At first, they didn’t believe their online revenue could justify the investment needed to build the program. Further, when they compared their number of abandoned carts and average online orders to the industry averages, they really doubted the ROI was there to build the program. So, we changed the whole concept — working within their budget — to a remind-and-educate program. The new strategy will leverage web-analytics data by sending a reminder email when someone is browsing a large, bulky item that — in most cases — either won’t be worth the shipping costs or won’t be available to ship at all. The email will also educate the customer, further explaining that the item can be shipped to a local store for free if ordered online. This program will allow customers to complete online orders, save money on shipping costs, and enjoy the convenience of picking items up later from their local stores. This approach will not only connect with customers in more meaningful ways, but also help the company reach its business goal of capturing more online sales — and all within budget.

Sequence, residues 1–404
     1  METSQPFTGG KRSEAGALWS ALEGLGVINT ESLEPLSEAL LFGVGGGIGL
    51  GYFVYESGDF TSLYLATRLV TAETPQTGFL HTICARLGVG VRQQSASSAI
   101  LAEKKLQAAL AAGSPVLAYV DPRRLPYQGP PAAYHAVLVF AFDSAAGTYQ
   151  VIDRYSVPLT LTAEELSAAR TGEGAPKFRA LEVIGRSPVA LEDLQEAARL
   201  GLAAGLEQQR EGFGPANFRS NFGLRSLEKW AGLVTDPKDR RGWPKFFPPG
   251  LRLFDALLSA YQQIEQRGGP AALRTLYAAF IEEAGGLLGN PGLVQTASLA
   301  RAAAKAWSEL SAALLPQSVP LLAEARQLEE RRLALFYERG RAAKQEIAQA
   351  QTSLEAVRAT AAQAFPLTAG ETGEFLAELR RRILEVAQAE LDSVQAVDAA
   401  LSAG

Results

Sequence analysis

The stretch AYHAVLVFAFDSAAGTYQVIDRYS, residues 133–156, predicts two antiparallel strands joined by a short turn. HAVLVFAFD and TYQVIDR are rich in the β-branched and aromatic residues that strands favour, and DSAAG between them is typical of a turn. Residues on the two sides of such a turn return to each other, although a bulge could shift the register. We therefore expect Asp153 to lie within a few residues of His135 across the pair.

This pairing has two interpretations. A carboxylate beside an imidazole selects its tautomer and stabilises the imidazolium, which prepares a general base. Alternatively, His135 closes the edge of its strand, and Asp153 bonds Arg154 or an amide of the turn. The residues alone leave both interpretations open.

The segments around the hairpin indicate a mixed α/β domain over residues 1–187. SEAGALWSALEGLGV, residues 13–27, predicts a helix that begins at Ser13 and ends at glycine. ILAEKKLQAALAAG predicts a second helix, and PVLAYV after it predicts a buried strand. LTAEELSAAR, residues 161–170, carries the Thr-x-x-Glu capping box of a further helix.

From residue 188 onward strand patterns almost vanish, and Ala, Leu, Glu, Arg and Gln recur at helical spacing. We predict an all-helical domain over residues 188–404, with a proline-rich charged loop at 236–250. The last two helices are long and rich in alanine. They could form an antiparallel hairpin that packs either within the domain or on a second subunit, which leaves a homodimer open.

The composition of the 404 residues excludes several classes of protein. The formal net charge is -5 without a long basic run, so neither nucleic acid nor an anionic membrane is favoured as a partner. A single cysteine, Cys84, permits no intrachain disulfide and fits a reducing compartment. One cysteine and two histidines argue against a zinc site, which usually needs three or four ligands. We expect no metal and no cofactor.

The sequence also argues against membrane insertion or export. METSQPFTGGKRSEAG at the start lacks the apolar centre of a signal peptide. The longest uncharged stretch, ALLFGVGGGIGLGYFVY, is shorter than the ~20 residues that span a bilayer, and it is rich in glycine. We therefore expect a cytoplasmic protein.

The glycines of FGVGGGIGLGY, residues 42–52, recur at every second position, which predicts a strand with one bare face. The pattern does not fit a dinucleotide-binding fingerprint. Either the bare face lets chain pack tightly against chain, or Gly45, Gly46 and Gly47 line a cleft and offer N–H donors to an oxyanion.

If you’re a new email marketer — whether just starting out in the business or new to a specific company — this tidbit is for you: Start with your brand’s customer journey. Get into the minds of your company’s customers by becoming a customer yourself — starting with a vague Google search or from the homepage of your company’s website. Next, consume the website as a brand new visitor would, bouncing from page to page. Browse areas, start a new shopping cart, download a whitepaper, watch videos, or read articles on the blog. Interact — anonymously, of course — with the brand on social media. Search for your mobile app. Test various ways a customer might begin interacting with your brand, paying special attention to the messaging at each stage. And, don’t forget to sign up to receive emails from your brand! Did you immediately receive a welcome message? Now, interact with the email content both as a newcomer and as a brand loyalist.